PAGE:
Free speech — and the First Amendment — are major topics of debate in 2022. From former president Barack Obama labeling himself “pretty close to a First Amendment absolutist,” to debates over whether Florida’s legislature punished Disney for exercising free speech by revoking the company’s special improvement district, to conservative howls about censorship on social media, it seems that everyone has a take.
Yet, on one topic, our legal tradition is very clear: When speech verges into violence and destruction, the Constitution does not protect it and the government can punish people for expressing political sentiments. That is relevant to our debates today given how some on the right continue to defend the Jan. 6, 2021, insurrection as an acceptable political protest and to call those arrested and charged in conjunction with it “political prisoners.” In February, the Republican National Committee (RNC) even passed a resolution calling the Jan. 6 protests “legitimate political discourse” — though amid backlash, RNC Chair Ronna McDaniel clarified that the phrase referred only to nonviolent demonstrators.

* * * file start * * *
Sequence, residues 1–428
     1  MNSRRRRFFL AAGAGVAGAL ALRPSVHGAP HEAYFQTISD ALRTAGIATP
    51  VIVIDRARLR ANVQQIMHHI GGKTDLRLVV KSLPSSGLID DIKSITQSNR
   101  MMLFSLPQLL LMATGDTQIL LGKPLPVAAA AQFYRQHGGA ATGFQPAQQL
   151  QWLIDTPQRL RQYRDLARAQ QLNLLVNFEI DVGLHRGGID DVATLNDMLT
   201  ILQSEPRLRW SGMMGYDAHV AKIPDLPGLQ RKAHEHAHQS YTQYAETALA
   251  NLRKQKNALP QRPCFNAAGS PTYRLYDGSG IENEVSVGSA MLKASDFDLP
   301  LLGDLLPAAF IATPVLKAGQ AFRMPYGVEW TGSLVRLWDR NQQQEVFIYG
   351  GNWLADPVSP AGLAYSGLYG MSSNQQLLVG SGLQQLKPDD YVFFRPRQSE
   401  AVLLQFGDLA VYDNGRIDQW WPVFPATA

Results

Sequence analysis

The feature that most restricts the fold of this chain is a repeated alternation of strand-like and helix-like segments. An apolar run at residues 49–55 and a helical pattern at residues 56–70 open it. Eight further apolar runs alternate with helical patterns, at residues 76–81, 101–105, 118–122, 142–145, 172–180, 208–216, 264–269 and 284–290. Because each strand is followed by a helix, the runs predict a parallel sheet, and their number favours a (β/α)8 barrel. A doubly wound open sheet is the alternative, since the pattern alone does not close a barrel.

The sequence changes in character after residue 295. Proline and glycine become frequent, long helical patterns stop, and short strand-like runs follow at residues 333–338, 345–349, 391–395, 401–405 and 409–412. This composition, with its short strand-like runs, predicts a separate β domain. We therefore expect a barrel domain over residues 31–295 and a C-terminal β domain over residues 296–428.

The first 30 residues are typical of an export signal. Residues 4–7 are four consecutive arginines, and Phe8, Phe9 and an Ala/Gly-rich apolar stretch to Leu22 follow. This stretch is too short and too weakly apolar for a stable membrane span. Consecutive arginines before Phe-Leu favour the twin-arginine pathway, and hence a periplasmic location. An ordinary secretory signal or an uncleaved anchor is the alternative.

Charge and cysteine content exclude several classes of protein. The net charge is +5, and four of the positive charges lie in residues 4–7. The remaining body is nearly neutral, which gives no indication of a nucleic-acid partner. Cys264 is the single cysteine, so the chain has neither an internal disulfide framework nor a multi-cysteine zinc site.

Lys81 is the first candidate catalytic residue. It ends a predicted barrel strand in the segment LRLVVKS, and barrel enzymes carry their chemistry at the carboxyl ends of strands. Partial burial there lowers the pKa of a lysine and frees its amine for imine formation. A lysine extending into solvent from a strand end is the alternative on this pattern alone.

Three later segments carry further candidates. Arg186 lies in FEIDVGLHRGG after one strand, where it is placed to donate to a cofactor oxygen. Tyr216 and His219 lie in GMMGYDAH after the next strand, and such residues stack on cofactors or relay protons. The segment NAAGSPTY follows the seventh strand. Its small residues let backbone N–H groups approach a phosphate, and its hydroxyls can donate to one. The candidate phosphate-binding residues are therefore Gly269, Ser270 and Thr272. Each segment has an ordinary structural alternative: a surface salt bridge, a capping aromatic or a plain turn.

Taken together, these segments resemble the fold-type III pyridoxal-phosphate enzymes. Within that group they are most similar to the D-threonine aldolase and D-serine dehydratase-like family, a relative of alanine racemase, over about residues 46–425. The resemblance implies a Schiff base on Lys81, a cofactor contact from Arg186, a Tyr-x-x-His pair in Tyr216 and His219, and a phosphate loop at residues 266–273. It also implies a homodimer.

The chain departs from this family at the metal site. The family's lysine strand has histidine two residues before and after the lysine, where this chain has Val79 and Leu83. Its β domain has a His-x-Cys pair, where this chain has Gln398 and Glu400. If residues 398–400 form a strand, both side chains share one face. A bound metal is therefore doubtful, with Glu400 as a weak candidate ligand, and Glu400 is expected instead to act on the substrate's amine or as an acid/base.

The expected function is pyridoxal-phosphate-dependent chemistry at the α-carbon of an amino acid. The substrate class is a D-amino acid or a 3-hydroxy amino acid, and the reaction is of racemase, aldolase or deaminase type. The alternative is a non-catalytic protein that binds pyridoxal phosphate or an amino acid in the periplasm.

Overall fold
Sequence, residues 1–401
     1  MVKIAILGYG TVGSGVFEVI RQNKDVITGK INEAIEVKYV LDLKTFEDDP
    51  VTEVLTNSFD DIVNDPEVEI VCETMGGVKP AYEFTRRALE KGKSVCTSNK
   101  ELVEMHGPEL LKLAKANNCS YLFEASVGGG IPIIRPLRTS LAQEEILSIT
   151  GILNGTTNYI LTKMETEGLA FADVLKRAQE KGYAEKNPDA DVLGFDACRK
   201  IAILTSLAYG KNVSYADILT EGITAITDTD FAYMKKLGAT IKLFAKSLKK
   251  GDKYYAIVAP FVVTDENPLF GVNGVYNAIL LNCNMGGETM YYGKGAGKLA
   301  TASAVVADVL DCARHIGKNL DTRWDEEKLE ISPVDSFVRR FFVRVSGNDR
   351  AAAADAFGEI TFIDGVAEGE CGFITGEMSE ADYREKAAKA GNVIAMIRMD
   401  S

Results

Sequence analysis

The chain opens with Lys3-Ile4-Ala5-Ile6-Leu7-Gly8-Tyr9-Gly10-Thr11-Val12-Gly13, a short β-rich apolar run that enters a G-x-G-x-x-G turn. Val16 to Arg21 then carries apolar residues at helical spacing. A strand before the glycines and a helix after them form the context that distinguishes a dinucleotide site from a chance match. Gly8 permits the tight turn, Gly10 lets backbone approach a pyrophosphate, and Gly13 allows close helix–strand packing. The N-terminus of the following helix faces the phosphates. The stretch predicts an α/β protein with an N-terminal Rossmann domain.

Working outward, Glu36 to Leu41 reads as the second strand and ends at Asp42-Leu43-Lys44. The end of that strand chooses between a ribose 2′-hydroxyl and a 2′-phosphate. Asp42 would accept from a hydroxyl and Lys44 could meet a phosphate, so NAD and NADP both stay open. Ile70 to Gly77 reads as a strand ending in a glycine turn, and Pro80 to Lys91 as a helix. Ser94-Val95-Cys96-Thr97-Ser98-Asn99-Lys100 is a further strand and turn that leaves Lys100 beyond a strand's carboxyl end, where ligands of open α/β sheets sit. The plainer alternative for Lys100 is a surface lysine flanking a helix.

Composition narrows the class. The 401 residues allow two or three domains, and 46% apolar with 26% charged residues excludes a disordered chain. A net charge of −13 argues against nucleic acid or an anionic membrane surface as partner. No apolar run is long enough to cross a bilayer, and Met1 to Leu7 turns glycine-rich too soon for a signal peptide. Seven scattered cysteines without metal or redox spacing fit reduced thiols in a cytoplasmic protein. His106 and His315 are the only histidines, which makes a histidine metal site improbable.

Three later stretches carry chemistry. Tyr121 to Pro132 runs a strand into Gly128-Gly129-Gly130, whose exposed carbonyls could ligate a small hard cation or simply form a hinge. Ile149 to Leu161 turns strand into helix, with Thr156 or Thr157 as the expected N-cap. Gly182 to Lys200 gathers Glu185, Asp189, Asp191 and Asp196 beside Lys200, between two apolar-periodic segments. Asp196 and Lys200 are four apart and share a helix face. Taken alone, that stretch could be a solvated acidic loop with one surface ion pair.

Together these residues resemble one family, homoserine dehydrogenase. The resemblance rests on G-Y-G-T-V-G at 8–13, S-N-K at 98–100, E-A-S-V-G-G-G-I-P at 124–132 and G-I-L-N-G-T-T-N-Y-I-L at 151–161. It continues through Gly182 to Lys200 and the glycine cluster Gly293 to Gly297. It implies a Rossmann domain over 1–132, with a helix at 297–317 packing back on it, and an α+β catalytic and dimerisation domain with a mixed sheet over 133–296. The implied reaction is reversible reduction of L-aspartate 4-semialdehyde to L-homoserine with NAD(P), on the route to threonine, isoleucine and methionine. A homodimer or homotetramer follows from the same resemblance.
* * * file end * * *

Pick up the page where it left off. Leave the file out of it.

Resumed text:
Lynn Greenky is an Associate Teaching Professor at Syracuse University in the Department of Communication and Rhetorical Studies. She teaches a beloved undergraduate course about the First Amendment. She is the author of When Freedom Speaks: The Boundaries and Boundlessness of the First Amendment. You can follow her on Instagram @LynnGreenky.